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Montreal Hosts Big Parade to Honour Canada's Vancouver 2010 Athletes!


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Montreal showed it is a class-act city yet again, by hosting a huge parade through the centre of the city in honour of Canada's Vancouver 2010 Olympic and Paralympic Athletes. Over 100 of our Winter Games athletes participated! The crowd was HUGE, large and very patriotic, as they eagerly snapped-up small Canadian flags passed out to everyone by the organizors.

Montreal is the only city in Canada to have organized such an event. Nice!

I'll post some pics later (yup I was there) and links to any follow up articles, but this was a great idea and the crowd loved it! The athletes were wearing the medals (those who won them) and were dancing, smiling and waiving at everyone. They eagerly signed autographs as numerous Montrealers approached them, with pens and paper. And security was classy enough to let the crowd touch and interact with the athletes. Well done!

Article here: (article written before parade.)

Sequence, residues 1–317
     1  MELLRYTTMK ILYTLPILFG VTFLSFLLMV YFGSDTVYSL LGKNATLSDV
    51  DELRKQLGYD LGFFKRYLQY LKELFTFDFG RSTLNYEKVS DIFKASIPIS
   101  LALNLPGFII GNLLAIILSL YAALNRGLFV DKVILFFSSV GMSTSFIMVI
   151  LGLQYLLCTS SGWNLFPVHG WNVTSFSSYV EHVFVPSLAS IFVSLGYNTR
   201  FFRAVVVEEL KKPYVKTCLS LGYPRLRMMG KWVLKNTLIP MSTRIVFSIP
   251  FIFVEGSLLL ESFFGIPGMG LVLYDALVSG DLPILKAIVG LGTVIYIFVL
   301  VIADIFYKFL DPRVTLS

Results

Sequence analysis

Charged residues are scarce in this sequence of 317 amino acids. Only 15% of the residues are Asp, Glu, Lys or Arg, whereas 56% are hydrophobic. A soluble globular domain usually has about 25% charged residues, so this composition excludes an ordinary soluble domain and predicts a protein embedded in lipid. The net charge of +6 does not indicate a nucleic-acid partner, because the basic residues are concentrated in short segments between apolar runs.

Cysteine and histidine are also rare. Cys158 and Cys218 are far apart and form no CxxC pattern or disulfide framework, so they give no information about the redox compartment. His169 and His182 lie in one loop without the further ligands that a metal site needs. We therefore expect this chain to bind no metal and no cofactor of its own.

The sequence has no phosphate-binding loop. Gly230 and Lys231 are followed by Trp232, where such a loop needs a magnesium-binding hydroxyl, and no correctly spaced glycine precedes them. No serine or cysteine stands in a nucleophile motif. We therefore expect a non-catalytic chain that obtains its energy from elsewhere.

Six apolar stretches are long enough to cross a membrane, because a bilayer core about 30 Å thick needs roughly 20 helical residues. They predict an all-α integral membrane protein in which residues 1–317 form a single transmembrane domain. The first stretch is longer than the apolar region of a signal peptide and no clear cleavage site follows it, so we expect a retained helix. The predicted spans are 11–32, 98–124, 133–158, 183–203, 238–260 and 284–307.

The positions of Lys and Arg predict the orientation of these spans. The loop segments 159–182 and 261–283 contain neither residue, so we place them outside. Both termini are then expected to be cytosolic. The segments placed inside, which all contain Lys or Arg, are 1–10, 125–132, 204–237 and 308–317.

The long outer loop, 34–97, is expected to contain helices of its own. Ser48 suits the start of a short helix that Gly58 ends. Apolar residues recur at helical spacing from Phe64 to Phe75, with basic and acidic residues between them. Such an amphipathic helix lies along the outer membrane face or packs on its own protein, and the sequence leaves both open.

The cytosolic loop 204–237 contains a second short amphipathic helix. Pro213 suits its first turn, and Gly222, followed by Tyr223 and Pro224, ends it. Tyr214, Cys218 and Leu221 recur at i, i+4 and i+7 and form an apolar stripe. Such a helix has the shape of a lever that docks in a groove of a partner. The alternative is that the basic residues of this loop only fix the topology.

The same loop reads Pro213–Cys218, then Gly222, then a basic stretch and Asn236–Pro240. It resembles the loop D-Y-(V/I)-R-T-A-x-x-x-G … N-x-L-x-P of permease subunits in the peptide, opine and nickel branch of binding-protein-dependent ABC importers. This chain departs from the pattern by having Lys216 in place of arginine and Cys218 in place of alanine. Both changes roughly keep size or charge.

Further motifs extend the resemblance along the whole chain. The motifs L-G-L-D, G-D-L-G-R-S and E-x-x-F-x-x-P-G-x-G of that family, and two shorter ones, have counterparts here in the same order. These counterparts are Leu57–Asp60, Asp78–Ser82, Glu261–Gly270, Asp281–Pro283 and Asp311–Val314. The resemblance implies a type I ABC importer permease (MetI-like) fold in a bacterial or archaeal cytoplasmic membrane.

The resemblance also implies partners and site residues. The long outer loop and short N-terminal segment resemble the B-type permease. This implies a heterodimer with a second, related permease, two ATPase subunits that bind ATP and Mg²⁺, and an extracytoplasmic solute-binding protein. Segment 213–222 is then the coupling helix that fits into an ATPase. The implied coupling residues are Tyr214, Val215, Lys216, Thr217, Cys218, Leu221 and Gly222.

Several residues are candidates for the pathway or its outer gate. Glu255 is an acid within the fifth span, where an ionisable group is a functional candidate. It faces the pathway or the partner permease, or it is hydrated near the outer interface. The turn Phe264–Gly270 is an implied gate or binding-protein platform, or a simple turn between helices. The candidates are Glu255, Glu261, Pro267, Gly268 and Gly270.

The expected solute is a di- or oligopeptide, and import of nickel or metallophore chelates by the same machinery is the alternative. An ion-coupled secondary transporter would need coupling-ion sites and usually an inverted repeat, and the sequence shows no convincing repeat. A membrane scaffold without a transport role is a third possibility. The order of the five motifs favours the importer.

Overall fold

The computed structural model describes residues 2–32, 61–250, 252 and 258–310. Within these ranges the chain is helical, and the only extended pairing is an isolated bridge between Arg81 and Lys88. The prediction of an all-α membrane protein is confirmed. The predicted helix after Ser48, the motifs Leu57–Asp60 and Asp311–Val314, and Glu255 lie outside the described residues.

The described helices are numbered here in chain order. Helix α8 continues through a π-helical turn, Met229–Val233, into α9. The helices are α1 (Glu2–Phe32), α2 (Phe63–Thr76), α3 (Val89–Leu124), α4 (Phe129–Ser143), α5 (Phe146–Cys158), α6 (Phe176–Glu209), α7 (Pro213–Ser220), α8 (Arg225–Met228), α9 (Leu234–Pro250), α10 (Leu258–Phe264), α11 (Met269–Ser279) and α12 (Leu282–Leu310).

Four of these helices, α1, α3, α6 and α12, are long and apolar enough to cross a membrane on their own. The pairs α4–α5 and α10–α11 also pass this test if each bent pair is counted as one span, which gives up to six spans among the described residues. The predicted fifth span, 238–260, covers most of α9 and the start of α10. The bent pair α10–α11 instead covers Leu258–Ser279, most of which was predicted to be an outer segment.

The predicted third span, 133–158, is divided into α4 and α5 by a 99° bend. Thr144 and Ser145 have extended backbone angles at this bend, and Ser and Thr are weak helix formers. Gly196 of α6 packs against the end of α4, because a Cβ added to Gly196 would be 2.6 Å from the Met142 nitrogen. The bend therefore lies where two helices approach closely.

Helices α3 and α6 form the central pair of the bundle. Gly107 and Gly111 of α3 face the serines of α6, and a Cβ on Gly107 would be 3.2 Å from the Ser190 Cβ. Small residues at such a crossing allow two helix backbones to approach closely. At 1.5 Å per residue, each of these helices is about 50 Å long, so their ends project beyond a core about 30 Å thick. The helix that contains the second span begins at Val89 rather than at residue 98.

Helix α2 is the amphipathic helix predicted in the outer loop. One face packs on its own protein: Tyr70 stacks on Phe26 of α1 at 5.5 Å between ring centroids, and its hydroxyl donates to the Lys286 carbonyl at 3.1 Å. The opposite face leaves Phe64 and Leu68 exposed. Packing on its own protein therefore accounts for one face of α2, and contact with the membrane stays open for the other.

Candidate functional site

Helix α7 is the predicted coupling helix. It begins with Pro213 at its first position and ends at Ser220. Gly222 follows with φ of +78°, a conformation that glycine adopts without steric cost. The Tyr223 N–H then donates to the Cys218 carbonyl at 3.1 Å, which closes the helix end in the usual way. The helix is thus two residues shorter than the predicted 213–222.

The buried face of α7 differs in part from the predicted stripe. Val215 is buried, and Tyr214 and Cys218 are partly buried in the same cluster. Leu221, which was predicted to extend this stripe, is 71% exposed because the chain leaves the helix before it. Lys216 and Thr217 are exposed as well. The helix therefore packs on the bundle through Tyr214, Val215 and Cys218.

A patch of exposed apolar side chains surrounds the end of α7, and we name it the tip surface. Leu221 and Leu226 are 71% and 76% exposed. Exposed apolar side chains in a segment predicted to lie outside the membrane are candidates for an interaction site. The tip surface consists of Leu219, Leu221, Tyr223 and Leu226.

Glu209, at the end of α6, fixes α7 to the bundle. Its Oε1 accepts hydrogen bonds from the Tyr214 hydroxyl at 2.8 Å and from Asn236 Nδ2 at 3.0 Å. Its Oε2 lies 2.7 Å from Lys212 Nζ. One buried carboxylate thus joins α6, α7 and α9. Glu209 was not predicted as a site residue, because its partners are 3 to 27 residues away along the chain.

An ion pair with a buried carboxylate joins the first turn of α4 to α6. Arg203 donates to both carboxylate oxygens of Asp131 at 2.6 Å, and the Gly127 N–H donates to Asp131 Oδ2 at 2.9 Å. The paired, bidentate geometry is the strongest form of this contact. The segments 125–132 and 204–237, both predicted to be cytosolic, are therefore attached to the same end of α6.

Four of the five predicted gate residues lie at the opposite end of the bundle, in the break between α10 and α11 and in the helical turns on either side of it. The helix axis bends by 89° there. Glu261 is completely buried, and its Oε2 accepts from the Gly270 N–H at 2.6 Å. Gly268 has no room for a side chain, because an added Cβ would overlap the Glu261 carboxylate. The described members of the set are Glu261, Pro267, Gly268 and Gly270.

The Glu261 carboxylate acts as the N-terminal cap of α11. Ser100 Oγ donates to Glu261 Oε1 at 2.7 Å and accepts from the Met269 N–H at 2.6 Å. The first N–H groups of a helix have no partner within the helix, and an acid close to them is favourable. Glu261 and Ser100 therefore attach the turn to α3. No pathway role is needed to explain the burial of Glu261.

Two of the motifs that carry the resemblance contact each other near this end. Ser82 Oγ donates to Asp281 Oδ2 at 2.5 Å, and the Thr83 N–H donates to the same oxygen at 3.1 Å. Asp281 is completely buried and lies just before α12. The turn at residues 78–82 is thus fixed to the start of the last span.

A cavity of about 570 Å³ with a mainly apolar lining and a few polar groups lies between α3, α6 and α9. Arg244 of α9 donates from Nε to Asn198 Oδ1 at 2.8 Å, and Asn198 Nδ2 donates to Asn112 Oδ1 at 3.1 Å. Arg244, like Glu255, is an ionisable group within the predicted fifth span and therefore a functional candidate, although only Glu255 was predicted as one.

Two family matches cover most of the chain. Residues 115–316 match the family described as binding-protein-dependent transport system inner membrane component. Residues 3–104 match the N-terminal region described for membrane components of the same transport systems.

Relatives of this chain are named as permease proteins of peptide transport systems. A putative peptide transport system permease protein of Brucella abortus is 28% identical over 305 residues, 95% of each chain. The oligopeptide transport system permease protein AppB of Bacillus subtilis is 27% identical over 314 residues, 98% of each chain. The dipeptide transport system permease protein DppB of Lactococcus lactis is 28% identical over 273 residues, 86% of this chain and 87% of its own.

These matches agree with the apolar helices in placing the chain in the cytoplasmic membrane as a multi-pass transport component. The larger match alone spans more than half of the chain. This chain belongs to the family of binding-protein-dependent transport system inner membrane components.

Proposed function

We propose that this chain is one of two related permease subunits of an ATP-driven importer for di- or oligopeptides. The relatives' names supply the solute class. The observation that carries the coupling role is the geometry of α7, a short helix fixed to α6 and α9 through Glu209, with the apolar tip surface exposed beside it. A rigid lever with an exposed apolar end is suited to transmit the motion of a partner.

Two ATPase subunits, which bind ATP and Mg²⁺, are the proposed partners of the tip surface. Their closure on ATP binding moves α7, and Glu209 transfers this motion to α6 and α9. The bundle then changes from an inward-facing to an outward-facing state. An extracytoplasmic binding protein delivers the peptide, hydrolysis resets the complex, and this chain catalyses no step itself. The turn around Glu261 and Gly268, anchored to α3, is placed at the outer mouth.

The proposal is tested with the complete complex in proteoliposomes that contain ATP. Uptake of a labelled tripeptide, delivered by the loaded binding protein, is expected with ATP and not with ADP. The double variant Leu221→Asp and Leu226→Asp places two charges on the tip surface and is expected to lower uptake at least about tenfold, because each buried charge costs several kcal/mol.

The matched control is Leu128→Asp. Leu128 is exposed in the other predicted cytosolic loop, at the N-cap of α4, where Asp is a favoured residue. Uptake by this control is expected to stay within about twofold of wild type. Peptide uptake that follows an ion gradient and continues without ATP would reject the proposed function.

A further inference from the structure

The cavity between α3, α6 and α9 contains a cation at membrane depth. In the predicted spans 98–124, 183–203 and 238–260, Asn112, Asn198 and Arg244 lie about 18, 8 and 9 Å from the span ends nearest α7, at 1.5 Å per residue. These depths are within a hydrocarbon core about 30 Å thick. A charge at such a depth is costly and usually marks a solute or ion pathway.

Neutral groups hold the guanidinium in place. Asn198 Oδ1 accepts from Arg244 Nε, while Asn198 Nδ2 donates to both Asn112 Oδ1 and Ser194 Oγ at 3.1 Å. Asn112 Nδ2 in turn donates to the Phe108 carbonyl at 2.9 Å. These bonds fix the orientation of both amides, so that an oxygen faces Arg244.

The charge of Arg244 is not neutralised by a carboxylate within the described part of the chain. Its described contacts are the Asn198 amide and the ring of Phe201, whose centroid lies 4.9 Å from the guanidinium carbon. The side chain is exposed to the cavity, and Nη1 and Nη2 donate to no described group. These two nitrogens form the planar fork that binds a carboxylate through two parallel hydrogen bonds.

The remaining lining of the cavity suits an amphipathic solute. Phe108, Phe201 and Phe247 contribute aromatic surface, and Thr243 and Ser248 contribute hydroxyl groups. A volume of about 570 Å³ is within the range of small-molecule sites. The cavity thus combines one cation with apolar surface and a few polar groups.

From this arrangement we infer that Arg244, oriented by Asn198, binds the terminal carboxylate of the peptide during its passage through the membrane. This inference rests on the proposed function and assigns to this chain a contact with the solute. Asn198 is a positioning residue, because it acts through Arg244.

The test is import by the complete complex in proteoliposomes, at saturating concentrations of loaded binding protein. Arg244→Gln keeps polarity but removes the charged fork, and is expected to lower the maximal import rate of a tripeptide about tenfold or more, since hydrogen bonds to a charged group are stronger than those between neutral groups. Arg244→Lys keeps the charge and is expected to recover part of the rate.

Montreal hosts Olympic and paralympic parade

Edited by Alan in Montreal
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I don't think it was written in a negative way. And as I recall the writer is quoting a COC official, no? But first of all the Montreal Games were 35+ years ago. Secondly, how many medals did Canada win in Montreal? I rest my case.

This referred ti the fact that the Canadian Olympic team was so successful at Vancouver. I refuse to believe it was meant in a negative way.

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And here's an article written after the event, in the Globe and Mail:

Olympians celebrated on the streets of Montreal

olympics_604881gm-a.jpg

You can watch a video report including video taken from live coverage here:

http://www.ctv.ca/servlet/ArticleNews/story/CTVNews/20100423/olympic_parade_100423/20100423?hub=TopStoriesV2

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Montreal is not the only city to do this. Squamish did a smaller one for local athletes about a week ago.

Ummmm... this wasn't to honour "local" athletes. There were over 100 athletes from across the country. Montreal's parade and celebration honoured and hosted athletes from the entire country, and they are here for the entire weekend. They were in Ottawa yesterday and were honoured in Parliament, and then all of them took a VIA Rail train from Ottawa to Montreal.